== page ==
Germany authorizes a dozen Polish tanks for Ukraine. Hundreds more could follow.

In a major turnaround, the German government signaled this weekend that it would not try to stop the Polish government from supplying German-built Leopard 2 tanks to the Ukrainian army.

The green light for a Leopard 2 transfer, given on French television by German Foreign Minister Annalena Baerbock, could free up other NATO countries to donate their own surplus Leopard 2s. There are hundreds of the powerful tanks in storage all over Europe.

But Poland could do it alone and still fulfill Ukraine’s request for an entire brigade with at least 100 Leopard 2 tanks. That’s because Poland is currently one of the world’s largest buyers of new tanks.

With over a thousand of the latest US and South Korean tanks scheduled to arrive in Poland over the next decade, the roughly 250 Leopard 2s in the Polish Army’s inventory should soon be obsolete. Poland could start giving them away now and suffer, at worst, a volatile capacity gap.

The Ukrainian military has wanted Leopard 2s for almost a year, but Ukraine’s foreign allies preferred to supply the Ukrainians with artillery and air defenses first, then with armored personnel carriers and infantry fighting vehicles.

Germany has the export license for the Leopard 2 and the country’s reluctance to explicitly supply offensive weapons to Ukraine has been an obstacle to a major NATO effort to re-equip the Ukrainian army’s four tank brigades and dozens of tank battalions.

The United Kingdom and Poland challenged Germany’s recalcitrance earlier this month, when the two countries offered Ukraine about a dozen of their Challenger 2 and Leopard 2 tanks respectively.

The Challenger 2 is made in the UK so the export license is not a problem. But there are only about 400 Challenger 2s in circulation – and 150 of those belong to the British Army’s depleted tank regiments.

Realistically, if Ukraine started rearming its tank corps, it would need Leopard 2s. Finland, Spain, Denmark and the Netherlands have also indicated their willingness to donate surplus Leopard 2s to Ukraine. Many of the same countries would presumably provide ammunition, spare parts, and technical and training assistance to form and maintain a Ukrainian Leopard 2 Brigade.

Poland’s bid in January thus marked a turning point. The Leopard 2 with its 120 millimeter gun, thick armor and top speed of 45 miles per hour is one of the best and most balanced tanks in the world. A Ukrainian brigade equipped with Leopard 2s and NATO-style combat vehicles and artillery should be more than a match for even the best Russian tank brigade – and could lead a new Ukrainian counter-offensive in 2023.

And now it is almost certain that the Ukrainian army will be able to face its Leopard 2 brigade in the coming months. Even as every other potential Leopard 2 donor except Poland demure.

Poland has already committed a dozen Leopard 2s to Ukraine and could easily commit another hundred – or more. And the donations could hardly make a dent in the Polish army’s tank depots.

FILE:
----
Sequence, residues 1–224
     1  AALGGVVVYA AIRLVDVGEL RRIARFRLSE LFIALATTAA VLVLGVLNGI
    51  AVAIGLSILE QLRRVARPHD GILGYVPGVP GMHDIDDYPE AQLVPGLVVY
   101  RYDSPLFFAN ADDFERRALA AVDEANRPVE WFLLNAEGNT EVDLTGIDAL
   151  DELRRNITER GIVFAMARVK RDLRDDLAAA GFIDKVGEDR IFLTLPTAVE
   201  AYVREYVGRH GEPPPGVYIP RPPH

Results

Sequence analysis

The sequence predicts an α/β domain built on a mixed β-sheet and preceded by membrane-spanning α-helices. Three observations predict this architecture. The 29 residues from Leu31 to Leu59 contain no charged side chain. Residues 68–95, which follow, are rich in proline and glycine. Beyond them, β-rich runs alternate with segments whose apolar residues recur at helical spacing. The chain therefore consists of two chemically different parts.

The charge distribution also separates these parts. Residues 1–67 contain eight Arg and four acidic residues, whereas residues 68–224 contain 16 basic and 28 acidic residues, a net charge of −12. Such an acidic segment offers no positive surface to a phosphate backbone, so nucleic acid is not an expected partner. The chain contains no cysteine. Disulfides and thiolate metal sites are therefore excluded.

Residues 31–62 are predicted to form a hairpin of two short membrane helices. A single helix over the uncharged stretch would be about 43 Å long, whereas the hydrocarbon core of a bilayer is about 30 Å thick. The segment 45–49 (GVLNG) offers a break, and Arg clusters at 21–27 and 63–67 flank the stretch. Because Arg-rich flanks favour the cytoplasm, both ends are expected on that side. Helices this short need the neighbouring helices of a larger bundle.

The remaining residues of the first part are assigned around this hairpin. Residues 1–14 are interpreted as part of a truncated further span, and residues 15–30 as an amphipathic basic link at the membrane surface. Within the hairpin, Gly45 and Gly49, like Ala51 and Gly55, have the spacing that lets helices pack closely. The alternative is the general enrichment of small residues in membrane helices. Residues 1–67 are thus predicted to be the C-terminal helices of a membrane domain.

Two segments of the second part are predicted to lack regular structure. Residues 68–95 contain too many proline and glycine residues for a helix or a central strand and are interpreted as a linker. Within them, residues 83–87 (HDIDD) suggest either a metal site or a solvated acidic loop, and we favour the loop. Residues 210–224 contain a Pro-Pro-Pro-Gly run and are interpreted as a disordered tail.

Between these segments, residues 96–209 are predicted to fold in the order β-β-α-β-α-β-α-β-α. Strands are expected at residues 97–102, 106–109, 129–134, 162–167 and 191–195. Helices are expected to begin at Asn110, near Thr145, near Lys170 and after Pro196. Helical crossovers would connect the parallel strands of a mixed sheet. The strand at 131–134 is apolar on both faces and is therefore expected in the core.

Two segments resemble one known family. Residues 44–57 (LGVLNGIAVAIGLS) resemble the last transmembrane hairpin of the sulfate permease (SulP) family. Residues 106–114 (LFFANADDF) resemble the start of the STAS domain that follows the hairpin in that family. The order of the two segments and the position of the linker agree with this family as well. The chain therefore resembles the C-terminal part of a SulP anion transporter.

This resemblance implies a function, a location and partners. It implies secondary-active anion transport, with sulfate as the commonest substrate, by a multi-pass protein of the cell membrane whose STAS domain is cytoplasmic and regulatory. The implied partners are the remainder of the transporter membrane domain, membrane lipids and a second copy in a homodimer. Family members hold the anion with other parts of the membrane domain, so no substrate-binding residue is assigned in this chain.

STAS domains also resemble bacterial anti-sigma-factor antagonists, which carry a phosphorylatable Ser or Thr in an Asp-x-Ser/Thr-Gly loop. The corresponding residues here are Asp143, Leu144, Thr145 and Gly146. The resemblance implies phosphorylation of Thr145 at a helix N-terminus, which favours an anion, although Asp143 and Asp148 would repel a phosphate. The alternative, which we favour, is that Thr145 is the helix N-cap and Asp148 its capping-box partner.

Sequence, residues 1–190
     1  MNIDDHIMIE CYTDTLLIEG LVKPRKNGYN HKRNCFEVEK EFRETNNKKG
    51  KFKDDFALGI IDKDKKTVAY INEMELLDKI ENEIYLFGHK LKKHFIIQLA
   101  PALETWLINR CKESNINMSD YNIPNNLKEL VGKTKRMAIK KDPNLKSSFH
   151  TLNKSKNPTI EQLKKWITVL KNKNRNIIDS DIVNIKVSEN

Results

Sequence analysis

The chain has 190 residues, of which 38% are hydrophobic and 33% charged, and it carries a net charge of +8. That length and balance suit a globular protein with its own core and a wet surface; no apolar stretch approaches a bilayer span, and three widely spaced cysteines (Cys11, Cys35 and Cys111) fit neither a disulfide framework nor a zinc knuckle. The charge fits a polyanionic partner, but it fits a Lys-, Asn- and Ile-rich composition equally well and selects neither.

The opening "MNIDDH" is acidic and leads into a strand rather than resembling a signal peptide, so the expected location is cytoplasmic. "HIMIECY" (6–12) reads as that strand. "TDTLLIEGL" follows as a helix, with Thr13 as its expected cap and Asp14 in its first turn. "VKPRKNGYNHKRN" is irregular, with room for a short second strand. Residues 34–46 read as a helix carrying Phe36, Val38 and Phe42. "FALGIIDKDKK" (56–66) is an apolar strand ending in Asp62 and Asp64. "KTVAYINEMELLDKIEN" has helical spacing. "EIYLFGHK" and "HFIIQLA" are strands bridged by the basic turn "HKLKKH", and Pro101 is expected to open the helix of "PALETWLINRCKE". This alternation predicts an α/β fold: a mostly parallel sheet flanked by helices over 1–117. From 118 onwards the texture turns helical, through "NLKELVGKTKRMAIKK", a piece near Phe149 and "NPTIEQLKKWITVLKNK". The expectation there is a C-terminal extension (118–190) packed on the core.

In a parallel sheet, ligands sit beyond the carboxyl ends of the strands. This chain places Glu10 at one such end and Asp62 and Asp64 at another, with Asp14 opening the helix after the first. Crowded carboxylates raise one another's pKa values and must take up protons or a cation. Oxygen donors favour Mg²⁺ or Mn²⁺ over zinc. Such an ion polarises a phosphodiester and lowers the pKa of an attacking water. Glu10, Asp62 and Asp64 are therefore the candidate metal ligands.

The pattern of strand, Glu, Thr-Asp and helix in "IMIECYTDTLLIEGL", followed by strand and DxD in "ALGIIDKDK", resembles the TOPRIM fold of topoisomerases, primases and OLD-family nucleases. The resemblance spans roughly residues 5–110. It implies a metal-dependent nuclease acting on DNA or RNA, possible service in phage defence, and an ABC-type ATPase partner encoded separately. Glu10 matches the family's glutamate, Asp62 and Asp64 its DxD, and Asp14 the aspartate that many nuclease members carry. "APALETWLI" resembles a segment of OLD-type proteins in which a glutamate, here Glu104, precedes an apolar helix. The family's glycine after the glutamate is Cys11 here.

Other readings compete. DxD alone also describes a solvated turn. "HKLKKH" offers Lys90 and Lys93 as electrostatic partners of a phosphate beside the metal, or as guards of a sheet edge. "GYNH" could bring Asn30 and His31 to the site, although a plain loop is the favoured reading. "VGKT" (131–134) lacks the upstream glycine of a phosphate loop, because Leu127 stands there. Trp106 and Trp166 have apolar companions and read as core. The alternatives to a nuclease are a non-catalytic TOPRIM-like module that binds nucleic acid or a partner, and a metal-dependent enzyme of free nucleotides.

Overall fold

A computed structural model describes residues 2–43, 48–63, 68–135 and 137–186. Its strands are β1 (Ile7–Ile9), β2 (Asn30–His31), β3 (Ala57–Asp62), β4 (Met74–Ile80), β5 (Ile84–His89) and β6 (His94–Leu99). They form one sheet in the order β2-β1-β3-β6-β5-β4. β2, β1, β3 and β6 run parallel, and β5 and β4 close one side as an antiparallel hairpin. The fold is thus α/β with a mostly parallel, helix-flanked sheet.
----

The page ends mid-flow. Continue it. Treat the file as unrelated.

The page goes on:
Two years ago, the Polish Panzer Corps, which supplies tanks and crews to four tank brigades and six mechanized brigades, owned about 250 Leopard 2s in different variants, as well as about 230 locally made PT-91 tanks and some 320 ex-Soviet T-tanks . -72s. The PT-91 itself is an upgraded T-72.

That’s 800 tanks. As Russia became more aggressive in the years leading up to the wider invasion of Ukraine that began last February, Poland launched one of the most intensive tank acquisition efforts in modern history.

First it started updating its Leopard 2s. Then it dropped a whopping $4.7 billion on 250 of the latest US M-1A2 SEPv3 tanks, with large-scale deliveries starting in early 2025.

Finally, late last year, Polish officials went shopping in South Korea, where local industry is producing a tank called the K-2, widely regarded as the equal of the Leopard 2 and M-1.

The Poles paid $5.8 billion for one thousand K-2s plus some of South Korea’s first class K-9 howitzers and FA-50 light fighter jets. The first 180 K-2s will come from South Korean factories; Polish factories will build the remaining 820 from 2026.

“We just took our suitcases with money and [are] going around the world like crazy trying to buy,” said General Rajmund Andrzejczak, Chief of Staff of the Polish Armed Forces, Breaking defenses. “We know the strategic goal is [to] support Ukraine.”

The huge tank purchases have freed up the Polish military to donate its older tanks. The T-72s went to Ukraine first, in the spring. PT-91s followed in the summer. The Leopard 2 promise increased the number of Polish tanks earmarked for Ukrainian service to about 275.

But with 1,250 of the world’s newest tanks heading to Poland from the United States and South Korea – that’s 450 more than Poland had two years ago –all of Poland’s older tanks are probably on the verge of becoming obsolete. That’s about 240 Leopard 2s and about 280 PT-91s and T-72s.

The first few M-1A2s and K-2s are already in Poland to help Polish crews train on the new tanks. Hundreds will be added in the coming years, with one enormous increase in deliveries once the Polish K-2 assembly line is up in 2026.

Poland could start giving away all of its older tanks in the next few years — a hundred here, a hundred there — and suffer only a slight and temporary dip in its overall armor inventory. Even without its older Leopard 2s and Soviet-style tanks, the Polish Army will have one of the largest and best tank forces in Europe by the end of the decade.

That is, Germany did not just give Poland permission to send a dozen Leopard 2s to Ukraine. It may have signed off on a Polish-led NATO effort that could eventually steer hundreds of tanks to Ukraine.

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